Sarit contacted me a while ago. She told me she had converted a few years ago, married, and has three children. Now she's been separated from her husband for three years, and he's urging her to finalize their divorce.
But she's worried that if she asks a rabbinic court to arrange the get, the judges will cancel her conversion. This would mean, of course, that her children who were born years after her conversion would also be declared not Jewish.
"I said to my husband, 'What do you need the piece of paper for? Let's just each of us go and live our lives without a divorce!'" Sarit told me, almost in tears. "But he insisted on the divorce and doesn't seem to care that this will blacklist our children and prevent them from marrying!"
Sarit even recruited her father-in-law in her support, who like her, was worried that his grandchildren may be put on the blacklist of those who cannot marry (pesulei-hitun). But her husband kept insisting that she agree to a get.
During our conversation, we considered a number of options should the rabbis ask Sarit about her religious observance in the event she did agree to go to court. Sarit suggested the possibility of the "lie."
I told her that I could not support this approach, and besides, I explained to her, it's not so easy to lie and claim that one keeps the Commandments when one does not. It's pretty easy to see through these types of lies.
We suggested that Sarit simply refuse to answer questions posed by the rabbinic judges. "I'll just tell them that I came for a get, and I don't intend to answer questions relating to my lifestyle. What's that got to do with my divorce?"
I explained to her that under the current circumstances, a court may well refuse to arrange the divorce until she responds to its questions. If she wanted to fight for the right to a get without a court inquiring into her personal life, she'd have to be willing to undertake complicated legal proceedings that could consume a lot of time and effort.
Sarit proposed that she ban her children from watching TV or playing on the computer on Shabbat, at least for the coming months, so that she could declare in court: "We do not watch TV or play computer games on Shabbat," without it being a lie. I told her the problems with this sort of presentation.
After talking for about half an hour, I began to get a completely different picture of Sarit's life. She doesn't drive on Saturday ("my husband and children drive on Shabbat, but I don't"). She lights Shabbat candles regularly and makes a blessing over the Shabbat wine. She recites the ritual blessing to commemorate the end of the Shabbat (havdalah).
What's more, Sarit maintained the laws of family purity during all the years of her marriage until her husband declared, "I'm not touching you anymore." In fact, after her conversion, Sarit lived for several years in religious neighborhoods and took part in the activities of the religious community.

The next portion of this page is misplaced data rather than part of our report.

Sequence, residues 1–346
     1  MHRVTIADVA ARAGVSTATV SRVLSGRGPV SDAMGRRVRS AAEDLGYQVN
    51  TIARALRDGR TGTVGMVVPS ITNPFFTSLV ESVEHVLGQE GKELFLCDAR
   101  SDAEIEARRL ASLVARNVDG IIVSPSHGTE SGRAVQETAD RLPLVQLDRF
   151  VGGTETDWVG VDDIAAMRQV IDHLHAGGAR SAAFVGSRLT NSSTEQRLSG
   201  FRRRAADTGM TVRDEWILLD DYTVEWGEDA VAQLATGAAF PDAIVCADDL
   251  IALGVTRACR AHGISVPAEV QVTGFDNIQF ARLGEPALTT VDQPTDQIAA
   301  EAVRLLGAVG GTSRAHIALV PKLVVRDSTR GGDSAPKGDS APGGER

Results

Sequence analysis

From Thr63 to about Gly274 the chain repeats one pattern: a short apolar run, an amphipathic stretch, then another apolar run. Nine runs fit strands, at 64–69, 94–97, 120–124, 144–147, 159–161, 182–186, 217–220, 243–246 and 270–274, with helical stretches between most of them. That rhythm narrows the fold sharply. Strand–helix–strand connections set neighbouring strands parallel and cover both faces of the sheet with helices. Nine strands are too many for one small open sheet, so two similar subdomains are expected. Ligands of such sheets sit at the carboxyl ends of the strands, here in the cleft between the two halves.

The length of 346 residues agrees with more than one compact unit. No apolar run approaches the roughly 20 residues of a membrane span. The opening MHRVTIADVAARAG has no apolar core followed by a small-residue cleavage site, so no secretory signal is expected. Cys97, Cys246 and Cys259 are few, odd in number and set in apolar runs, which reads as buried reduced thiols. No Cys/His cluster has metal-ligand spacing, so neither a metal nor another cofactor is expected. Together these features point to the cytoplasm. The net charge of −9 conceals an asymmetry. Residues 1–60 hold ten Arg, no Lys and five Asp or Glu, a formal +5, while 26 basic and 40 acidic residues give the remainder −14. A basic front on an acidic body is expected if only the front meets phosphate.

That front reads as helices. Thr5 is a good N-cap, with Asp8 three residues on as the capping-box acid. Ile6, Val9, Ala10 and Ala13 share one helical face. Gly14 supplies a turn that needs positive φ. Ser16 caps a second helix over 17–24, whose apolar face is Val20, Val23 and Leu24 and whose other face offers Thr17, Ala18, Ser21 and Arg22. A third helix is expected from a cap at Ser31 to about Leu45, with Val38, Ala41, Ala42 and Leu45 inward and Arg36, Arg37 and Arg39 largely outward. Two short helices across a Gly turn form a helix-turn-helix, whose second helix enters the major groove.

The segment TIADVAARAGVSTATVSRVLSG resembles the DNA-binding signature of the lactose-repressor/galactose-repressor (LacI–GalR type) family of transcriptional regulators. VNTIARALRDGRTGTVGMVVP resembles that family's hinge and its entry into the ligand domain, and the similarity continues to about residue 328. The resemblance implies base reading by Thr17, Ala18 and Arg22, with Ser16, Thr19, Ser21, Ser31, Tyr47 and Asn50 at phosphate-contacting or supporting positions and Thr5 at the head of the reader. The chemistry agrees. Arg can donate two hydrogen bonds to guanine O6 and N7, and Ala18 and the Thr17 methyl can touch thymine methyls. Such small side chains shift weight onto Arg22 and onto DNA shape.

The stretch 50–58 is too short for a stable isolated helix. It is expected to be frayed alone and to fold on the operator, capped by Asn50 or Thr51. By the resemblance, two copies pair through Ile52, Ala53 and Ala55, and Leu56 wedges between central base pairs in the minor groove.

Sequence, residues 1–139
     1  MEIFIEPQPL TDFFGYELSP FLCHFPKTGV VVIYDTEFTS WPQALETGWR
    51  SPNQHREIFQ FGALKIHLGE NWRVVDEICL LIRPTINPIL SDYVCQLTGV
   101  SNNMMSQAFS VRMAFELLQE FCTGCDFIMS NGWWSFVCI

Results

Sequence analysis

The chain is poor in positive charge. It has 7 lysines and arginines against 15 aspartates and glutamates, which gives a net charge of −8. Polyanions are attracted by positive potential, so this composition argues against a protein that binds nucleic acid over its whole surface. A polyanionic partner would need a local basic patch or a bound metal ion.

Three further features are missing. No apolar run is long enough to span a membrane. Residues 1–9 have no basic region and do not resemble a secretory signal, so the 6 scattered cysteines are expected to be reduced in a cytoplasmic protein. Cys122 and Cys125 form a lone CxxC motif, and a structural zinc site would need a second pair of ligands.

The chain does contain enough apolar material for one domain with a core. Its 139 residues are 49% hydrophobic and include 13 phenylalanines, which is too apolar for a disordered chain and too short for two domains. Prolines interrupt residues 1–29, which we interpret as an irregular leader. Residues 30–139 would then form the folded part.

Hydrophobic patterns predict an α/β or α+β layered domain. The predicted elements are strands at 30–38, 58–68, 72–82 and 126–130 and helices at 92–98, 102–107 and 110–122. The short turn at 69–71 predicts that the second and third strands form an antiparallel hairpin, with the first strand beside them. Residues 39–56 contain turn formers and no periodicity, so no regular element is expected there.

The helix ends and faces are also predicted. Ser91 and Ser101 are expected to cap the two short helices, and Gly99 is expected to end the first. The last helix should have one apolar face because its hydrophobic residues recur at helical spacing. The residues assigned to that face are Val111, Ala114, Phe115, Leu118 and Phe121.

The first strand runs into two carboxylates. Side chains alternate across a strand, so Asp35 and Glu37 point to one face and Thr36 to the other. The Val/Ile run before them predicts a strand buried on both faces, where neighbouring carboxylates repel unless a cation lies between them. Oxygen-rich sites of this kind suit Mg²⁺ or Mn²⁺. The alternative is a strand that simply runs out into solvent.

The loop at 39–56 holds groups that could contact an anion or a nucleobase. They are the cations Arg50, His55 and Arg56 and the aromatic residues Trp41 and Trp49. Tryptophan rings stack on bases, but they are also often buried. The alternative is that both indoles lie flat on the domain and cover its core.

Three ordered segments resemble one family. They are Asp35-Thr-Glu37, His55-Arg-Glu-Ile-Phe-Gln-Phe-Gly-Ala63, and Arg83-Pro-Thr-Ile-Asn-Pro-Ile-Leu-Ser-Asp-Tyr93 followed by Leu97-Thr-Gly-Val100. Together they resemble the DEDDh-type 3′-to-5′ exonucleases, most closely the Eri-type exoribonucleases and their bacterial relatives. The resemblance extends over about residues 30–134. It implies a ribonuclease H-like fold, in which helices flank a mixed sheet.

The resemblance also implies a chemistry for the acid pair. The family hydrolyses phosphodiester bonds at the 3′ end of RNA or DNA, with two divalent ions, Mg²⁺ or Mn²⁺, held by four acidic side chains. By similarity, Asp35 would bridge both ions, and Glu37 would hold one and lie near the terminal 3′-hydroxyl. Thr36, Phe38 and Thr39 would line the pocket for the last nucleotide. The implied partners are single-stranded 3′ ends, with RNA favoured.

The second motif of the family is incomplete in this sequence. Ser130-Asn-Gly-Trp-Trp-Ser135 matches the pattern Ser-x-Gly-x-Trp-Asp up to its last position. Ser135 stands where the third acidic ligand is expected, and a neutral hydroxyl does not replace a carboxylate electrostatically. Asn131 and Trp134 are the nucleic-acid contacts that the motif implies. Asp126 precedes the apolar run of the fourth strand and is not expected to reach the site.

Anyway, it soon became clear that Sarit had not converted for the purpose of marrying, but out of the sincere desire to be closer to the God of Israel, and first met her husband five years after the conversion. Until she married, she kept the Commandments, big and small.
I gave a sigh of relief, and explained to Sarit (who was crying) that there was no reason in the world anyone in any court should even think of canceling her conversion. "But I don't go to synagogue, anymore," Sarit sobbed. "And I don't consult with rabbis," she continued. "Or keep everything that I promised the rabbis I would keep."
I had to do some serious convincing before Sarit internalized that she had kept the Commandments, and still keeps the most important ones to this very day. I assured her, although I knew it was not necessarily true, that there was no chance a court would abrogate her conversion.
So, with the fear of God, Sarit agreed to go to court and arrange for a divorce. In court, the rabbis asked her, "Do you keep the Commandments?" She answered "Yes." "Do you eat kosher?" She answered "Yes." And to the question, "Are you keeping the laws of family purity?" Sarit replied: "Yes. But now I have no husband." Sarit passed the rabbis' test, and her husband gave her a get.
Sarit's story ended well, thanks to a lot of coaching and no little amount of luck. But dozens of other cases end very badly. This scare campaign has to stop, and with it all the relentless digging into the private lives of people by rabbinic judges who sit on the official courts of the State of Israel and collect a salary paid from taxpayer money.
I wonder: How did the rabbinic judges manage to convince us all of a new law – that it is possible to undo a conversion? How did they get the general public to cooperate with them and to hold our breath every time a convert walks into the four wall of a rabbinic court hoping to get out of there a Jew? Two points for the court, 0 points for the people and the Halacha.
Rivkah Lubitch is a rabbinic court pleader who works at The Center for Women’s Justice
. Tel. 972-2-5664390